Our education system also has a dislike for mistakes.  Big red crosses and frowning faces when we get the sum wrong, or spell a word incorrectly.  The last thing we want to do is associate anything good from this process – we want to move on and find some of those blue ticks and smiling faces.

There is also a physical reason for this general aversion to mistakes and errors – because the process of acknowledging and learning from your mistake is actually quite physically demanding and uncomfortable.  We are wired to do what kept the majority of us alive, but in a huddle, on the Sahara.  It also now keeps the majority of us in our middling-performance 21st Century ‘comfort zone’.

One interesting anecdote is an experiment that was done on children.  Two groups of children were given a problem to solve. One group was shown their errors but were praised for their effort, while the other group were praised for their results (they were told they were ‘smart’).  When given an even harder problem, the group praised for their efforts significantly outperformed the group praised for their earlier results.  One group began to associate the physical process of learning with positive reinforcement, while the other group became timid and invested in their ego.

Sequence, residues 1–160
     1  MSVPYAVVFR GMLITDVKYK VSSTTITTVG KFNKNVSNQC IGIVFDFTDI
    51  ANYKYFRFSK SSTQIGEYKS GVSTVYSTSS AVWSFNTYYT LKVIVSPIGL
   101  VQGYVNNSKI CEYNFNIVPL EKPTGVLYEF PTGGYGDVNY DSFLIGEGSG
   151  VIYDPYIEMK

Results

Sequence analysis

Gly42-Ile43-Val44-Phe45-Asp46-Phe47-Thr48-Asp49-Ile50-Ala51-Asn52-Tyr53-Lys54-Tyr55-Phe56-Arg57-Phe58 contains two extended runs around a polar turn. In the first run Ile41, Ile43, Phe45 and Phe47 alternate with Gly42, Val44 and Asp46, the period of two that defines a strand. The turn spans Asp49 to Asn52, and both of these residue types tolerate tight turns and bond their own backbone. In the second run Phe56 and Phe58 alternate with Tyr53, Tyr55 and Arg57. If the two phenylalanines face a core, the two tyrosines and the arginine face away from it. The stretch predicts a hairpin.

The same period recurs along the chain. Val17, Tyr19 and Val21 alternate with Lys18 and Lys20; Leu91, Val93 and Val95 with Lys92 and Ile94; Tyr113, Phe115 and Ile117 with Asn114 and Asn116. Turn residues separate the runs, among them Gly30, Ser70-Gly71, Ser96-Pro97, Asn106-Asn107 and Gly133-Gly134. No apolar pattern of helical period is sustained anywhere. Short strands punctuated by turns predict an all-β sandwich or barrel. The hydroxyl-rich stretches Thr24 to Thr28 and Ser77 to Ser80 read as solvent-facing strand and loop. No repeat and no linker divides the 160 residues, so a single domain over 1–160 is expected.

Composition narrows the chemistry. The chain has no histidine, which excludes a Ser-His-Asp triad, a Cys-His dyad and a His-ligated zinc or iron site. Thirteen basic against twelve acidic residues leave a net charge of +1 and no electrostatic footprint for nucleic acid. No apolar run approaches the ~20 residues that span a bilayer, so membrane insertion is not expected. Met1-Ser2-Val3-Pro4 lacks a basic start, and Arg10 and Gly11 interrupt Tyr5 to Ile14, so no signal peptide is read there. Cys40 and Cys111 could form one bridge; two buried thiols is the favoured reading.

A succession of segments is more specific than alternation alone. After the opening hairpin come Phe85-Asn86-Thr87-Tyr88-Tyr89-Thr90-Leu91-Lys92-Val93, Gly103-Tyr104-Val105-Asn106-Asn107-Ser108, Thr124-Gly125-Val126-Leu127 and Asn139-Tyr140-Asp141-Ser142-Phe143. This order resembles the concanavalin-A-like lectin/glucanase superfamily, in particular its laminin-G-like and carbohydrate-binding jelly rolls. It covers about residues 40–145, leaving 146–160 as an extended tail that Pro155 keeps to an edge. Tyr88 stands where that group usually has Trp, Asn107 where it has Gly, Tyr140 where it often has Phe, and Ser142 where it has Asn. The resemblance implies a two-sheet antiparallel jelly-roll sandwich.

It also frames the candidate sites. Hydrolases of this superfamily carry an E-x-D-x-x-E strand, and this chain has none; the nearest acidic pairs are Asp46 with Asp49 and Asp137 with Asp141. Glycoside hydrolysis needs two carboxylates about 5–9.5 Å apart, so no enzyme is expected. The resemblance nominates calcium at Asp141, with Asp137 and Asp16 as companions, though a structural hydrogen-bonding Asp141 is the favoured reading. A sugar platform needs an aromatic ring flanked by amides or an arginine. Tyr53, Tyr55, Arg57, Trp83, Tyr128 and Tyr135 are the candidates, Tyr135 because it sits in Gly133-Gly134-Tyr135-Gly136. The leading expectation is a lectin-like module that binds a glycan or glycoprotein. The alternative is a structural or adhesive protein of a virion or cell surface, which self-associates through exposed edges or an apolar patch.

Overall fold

So if you want to get better at something – or even excel at something – you need to get over your mistake aversion.  You need to embrace your mistakes, put in place conscious systems to pick up and analyse your mistakes, and generally learn to love them.

When was the last time you heard about an entrepreneur who never failed before becoming a success? Never.  In my experience there are only two types of entrepreneurs – those who have failed and not got back up, and those who have failed and then got back up to go on to success. Those that have learned from their past mistakes.

If you want to build and nurture a high performance team, then you need to create an environment that:

  • Allows for people to make mistakes in a protected environment; and
  • Tolerates mistakes and errors – but on the condition the mistakes are ‘owned’ and used as a conscious learning and performance enhancing experience.

You need to take regular time out of your team’s schedule to talk about mistakes and errors, analyse how they occurred, and discuss how they can be avoided in the future – what pilots famously refer to as a post-flight “de-brief”.

Yes, you need to celebrate your wins.  But even more importantly, you need to dwell happily on your mistakes.  Only from the conscious study of your mistakes will you reach your true potential.


The Decisive Moment by Jonah Lehrer

The Ten Commandments for Business Failure by Donald R. Keough

Why People Fail by Simon Reynolds

Outliers by Malcolm Gladwell

The Brain that Changes Itself by Norman Doidge

The Hidden Brain by Shankar Vedantam

Sway – The Irresistible Pull of Irrational Behaviour by Ori and Ron Brafman